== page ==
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The
phenomenon of death remains a mystery to humanity at large despite our
collective knowledge and technology. To some, death represents annihilation of
the individual, the ending of consciousness and the deterioration of the body.

For others, death is considered a gateway to another life, a spectacle of
profound spiritual significance, the interpretation of which differs radically
from one philosophical school or religion to another. As of yet, there is no
direct & objective evidence to support either perspective conclusively. For
this reason, a degree of “faith” is generally associated with those who take
the viewpoint that life after death is a reality. There is no doubt that not
just simple volumes, but entire libraries, can and have been devoted to this
mysterious question. However, personally, I do associate myself in the realm of
those who have believe in the idea that life (or at least consciousness)
continues after death.

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This
observation is applicable to many pre-existing conception of an afterlife,
including a Christian (Western) conception of the eternal soul and a Hindu
(Eastern) conception of reincarnation. The observation consists of pairing to
ideas: Descartes’s conception that consciousness is indivisible while all
physical matter can be divided and the proposition in modern cosmology and
physics of a so-called zero point energy field. When these two concepts are put
together, they present a plausible theory of how an afterlife might be
inherently built in to the universe itself.

To
understand the basis of the argument, it is first necessary to recognize
exactly what Descartes meant when he argued for the indivisibility of mind.

According to Descartes, all material things can be divided, but consciousness,
and particularly consciousness of one’s self, is indicative of a persistent
whole. Descartes writes: “When I consider the mind, that is to say, myself
inasmuch as I am only a thinking thing, I cannot distinguish in myself any
parts, but apprehend myself to be clearly one and entire”. As such, mind is
distinct from matter, but is in many ways interconnected with it. This classic
dualism of mind and body is also present in many religious and mystical
conceptions of the human soul. For the purposes of the present discussion it is
important to connect Descartes’s conception of the mind with traditional
concepts of the soul, because Descartes intended such to be the case. His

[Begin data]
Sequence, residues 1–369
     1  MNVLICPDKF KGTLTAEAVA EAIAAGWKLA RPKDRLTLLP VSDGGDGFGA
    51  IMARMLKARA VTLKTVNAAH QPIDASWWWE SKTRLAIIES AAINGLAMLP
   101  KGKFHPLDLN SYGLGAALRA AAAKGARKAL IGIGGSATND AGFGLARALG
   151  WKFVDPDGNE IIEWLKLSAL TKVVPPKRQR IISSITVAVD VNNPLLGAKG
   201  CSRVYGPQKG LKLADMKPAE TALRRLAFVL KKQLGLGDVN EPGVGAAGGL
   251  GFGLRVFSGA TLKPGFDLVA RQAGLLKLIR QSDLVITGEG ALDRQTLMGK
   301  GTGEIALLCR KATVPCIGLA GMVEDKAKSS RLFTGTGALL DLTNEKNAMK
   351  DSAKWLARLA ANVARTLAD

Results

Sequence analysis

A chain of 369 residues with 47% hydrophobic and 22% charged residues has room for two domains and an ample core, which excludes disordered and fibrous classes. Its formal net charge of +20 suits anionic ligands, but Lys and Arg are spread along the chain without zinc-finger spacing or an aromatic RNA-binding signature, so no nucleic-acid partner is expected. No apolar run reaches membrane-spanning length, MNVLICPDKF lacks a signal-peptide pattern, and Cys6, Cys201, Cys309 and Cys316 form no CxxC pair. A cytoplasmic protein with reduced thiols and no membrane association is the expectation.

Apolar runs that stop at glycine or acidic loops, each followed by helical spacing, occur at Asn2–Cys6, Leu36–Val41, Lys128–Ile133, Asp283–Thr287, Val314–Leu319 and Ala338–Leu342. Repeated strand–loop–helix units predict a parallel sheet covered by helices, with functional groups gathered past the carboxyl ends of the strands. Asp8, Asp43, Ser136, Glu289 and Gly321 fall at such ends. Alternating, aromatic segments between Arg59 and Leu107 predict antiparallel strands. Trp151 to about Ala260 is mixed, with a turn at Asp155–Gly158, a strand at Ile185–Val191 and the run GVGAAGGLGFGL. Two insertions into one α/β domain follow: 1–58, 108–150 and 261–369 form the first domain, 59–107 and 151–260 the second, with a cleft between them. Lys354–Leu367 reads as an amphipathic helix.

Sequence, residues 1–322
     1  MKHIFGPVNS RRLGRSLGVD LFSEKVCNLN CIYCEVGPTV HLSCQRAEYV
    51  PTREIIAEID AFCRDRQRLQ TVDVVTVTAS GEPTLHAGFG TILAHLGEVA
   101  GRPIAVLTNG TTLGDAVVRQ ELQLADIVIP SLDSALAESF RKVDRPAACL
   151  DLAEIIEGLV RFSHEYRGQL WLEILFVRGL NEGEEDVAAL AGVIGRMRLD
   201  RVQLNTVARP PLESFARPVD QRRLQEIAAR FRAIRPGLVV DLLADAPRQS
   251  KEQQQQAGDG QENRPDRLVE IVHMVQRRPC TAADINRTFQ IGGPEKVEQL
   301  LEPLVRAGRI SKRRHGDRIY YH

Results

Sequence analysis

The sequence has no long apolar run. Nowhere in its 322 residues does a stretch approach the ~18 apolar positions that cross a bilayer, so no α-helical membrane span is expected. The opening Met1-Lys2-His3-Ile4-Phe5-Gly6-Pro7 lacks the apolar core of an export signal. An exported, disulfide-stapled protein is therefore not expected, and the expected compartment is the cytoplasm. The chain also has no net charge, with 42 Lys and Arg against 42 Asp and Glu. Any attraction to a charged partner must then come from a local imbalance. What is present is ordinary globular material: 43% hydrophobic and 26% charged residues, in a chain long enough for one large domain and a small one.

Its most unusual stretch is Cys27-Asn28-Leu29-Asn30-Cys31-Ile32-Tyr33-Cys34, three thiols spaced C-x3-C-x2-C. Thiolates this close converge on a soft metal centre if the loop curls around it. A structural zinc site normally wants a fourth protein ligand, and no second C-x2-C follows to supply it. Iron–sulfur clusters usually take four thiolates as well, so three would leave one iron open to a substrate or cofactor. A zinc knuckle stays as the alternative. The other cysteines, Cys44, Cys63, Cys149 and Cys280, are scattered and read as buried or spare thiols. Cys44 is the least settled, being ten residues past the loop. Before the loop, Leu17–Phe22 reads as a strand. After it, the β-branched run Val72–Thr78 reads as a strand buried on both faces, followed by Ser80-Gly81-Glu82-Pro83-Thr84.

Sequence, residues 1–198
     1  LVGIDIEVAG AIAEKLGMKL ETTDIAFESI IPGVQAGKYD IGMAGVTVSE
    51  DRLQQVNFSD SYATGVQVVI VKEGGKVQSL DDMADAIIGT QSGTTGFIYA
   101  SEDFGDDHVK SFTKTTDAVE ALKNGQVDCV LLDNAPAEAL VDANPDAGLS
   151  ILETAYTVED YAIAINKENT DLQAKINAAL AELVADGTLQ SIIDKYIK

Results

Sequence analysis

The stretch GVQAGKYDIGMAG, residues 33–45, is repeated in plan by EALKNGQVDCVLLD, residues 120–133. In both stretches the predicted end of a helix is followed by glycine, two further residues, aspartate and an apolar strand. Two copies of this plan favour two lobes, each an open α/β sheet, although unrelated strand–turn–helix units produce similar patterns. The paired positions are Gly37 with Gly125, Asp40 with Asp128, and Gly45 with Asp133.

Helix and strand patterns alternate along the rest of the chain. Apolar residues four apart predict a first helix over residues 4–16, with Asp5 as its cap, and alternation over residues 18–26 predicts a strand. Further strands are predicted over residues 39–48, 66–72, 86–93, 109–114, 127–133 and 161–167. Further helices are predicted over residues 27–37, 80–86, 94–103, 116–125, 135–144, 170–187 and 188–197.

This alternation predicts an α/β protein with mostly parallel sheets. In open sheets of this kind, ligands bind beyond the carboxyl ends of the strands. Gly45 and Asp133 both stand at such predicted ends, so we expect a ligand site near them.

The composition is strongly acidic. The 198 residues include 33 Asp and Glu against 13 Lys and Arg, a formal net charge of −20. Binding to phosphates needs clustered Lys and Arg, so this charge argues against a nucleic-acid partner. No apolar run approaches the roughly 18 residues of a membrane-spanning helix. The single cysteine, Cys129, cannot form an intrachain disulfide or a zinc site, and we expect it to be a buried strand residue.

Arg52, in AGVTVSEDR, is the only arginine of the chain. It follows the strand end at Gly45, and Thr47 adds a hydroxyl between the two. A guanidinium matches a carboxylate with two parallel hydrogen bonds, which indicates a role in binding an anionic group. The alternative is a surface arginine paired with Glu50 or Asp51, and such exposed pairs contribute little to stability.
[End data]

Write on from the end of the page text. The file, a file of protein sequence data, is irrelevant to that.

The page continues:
conception of consciousness and mind was inclusive of the emotions, will, and
all applicable components of the individual personality (and its potential).

Similarly,
modern physics suggests a mysterious connection between consciousness and
objective reality. From this starting point, many theorists have offered the
idea that the interaction between consciousness and the material world is
indicative that consciousness permeates the universe. If this is the case,
there is a strong connection between the idea of a physical reality and
Descartes’s conception of mind. In other words, physicists now theorize that
energy is somehow present in the zero-point energy field where particles and
waves are beyond the capacity of human detection. The physical world that is manifest to human senses and
instruments displays many properties that suggest an overall connectedness.

Here is
where the somewhat tricky “leap” comes into play. If Descartes’s conception of
mind is to be admitted as accurate and
modern physics also considered, then it would appear that the reality that
gives rise to the physical world and the phenomenon that we each experience as
consciousness are in fact the same thing.

Consciousness is “made” of the same indivisible energy that persists in the
zero-point energy field. Yes, that means that the universe itself is conscious.

Such a viewpoint indicates that a form of afterlife is not only likely, but
unavoidable even if this afterlife is not based in the physiological component
of one’s personality. This insight, of course, like Descartes’s conception of
mind, is closer to the Christian conception of a soul than to the idea that the
brain is the center of consciousness.

Of
course, none of this makes a concrete case for the persistence of the
individual personality after death or for the existence of afterlife realms
such as heaven or hell. At the same time, the preceding considerations do
provide somewhat philosophical and scientific basis for speculating the
existence of an afterlife. The precise nature of this afterlife is, of course,
impossible to ascertain, but it is a subject that provokes some of the most
inspired and important flights of human consciousness. I don’t believe should
not fear death because death is unable to eliminate consciousness. But I do
feel that we should use the reality of death to inspire us to live more
meaningful and intense lives because even if life persists after death, the
process of “crossing over” is an event that profoundly alters one’s personal
awareness not to mention their “earthly” relationships and legacies.

In the
end, one very interesting feature of the considerations is that, if true, we
are all connected in the same way that quantum entanglement connects all the
particles in the cosmos. We, in fact, share a consciousness that is eternal and
potentially all-knowing. Such a realization might make it easier for us to
create lasting bonds between one another and eliminate a measure of fear and
perhaps even prejudice that currently exists in the world.

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